Gammon HK ltd v AG for HK- there are 5 key steps to deciding if an offence is one of strict liability.1=presumption of mens rea. 2=the presumption is strong if the offence is truly criminal. 3= the statute must clearly exclude mens rea.
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4= the only situation where this presumption can be displaced is where the act concerns public safety or social concern. 5= If it can be shown to encourage greater vigilance it can be made a strict liability offence.
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What is the rule used when looking at other sections of an act?
If other sections state that mens rea is required but the section being considered does not state this, it is likely that the offence will be held to be one of strict liability.
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What is the rule regarding quasi-criminal offences?
Regulatory crimes (not truly criminal) are more likely to be held to be strict liability offences. E.g. Harrow LBC v Shah and Shah 1999
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Describe some quasi criminal crimes?
selling food, alcohol, building regulations and lottery ticket sales.
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What if the penalty of the offence is imprisonment?
When an offence is punishable by imprisonment, it is less likely that it will be held to be one of strict liability. E.g. B v DPP 2000 (shiner)
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What are the issues of social concern surrounding strict liability offences?
Where the offence involves potential danger to public health, safety or morals then it is more likely to be held to be a strict liability offence. E.g. Blake using a station for wireless telegraphy without a licence.
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Would strict liability promote enforcement of the law?
If it didnt then there is no reason to make the offence a strict liability one.
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What are the justifications for strict liability?
They help protect society by promoting greater care over matters of public safety. It encourages higher standards in such matters as hygiene in processing and selling food. It makes sure that businesses are run properly.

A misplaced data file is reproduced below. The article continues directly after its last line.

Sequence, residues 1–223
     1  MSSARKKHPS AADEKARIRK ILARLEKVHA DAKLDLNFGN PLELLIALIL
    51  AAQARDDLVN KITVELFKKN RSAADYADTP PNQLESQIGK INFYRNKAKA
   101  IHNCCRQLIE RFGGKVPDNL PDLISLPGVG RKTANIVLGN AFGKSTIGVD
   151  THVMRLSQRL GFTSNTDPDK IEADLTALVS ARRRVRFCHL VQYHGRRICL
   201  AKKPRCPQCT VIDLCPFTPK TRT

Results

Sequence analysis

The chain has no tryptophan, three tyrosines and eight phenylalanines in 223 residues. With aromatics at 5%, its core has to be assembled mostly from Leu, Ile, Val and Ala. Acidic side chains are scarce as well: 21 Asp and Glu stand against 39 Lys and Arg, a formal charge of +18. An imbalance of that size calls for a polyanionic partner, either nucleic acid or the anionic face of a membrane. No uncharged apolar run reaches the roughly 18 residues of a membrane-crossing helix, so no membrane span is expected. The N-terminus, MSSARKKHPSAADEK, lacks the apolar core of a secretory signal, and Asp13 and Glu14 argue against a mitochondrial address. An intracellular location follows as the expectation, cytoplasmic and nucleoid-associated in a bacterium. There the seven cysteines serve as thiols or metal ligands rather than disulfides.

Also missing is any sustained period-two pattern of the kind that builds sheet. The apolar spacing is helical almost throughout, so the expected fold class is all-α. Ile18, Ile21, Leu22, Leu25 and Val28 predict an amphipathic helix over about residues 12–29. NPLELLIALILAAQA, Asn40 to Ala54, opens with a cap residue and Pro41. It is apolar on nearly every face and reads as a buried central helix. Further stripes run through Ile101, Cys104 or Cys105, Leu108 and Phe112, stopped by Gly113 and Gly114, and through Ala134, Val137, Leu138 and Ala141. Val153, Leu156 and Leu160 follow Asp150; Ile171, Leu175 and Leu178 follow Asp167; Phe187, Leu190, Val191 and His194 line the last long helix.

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It provides a sense of fairness. It is easier to enforce as there is no need to prove mens rea. It saves court time as people are more likely to plead guilty, the fact that D is not blameworthy can be taken into account when sentencing.
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What are the arguments against strict liability?
Those who are not blameworthy can still be guilty. Even those who have taken all possible care will be found guilty and can be punished. It draws distinctions between criminal offences and brands some as more acceptabe than others.
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What is social concern, are the jurors judging by different standards each time. Strict liability offences affect the defendant's human rights e.g. presumption of innocence R v G 2008. Crimes that carry social stigma can have an affect on D's life.
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Give some proposals for reform of strict liability?
Parliament should always state whether an offence is strict liability or not. Then there would be no need for the courts to use complicated rules to decide this. Give each offence a defence of due dilligence this would avoid injustices.
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Other cards in this set

Card 2

Front

What type of offences are usually ones of strict liability?

Back

Regulatory offences, which an ordinary person wouldnt regard as a crime. e.g. speeding and not wearing a seat belt.

Card 3

Front

Explain the point of law in Pharmaceutical Society of GB v Storkwain Ltd 1986?

Back

Preview of the front of card 3

Card 4

Front

Explain the requirement of actus reus for an offence of strict liability?

Back

Preview of the front of card 4

Card 5

Front

Explain the presumption of mens rea of strict liability offences?

Back

Preview of the front of card 5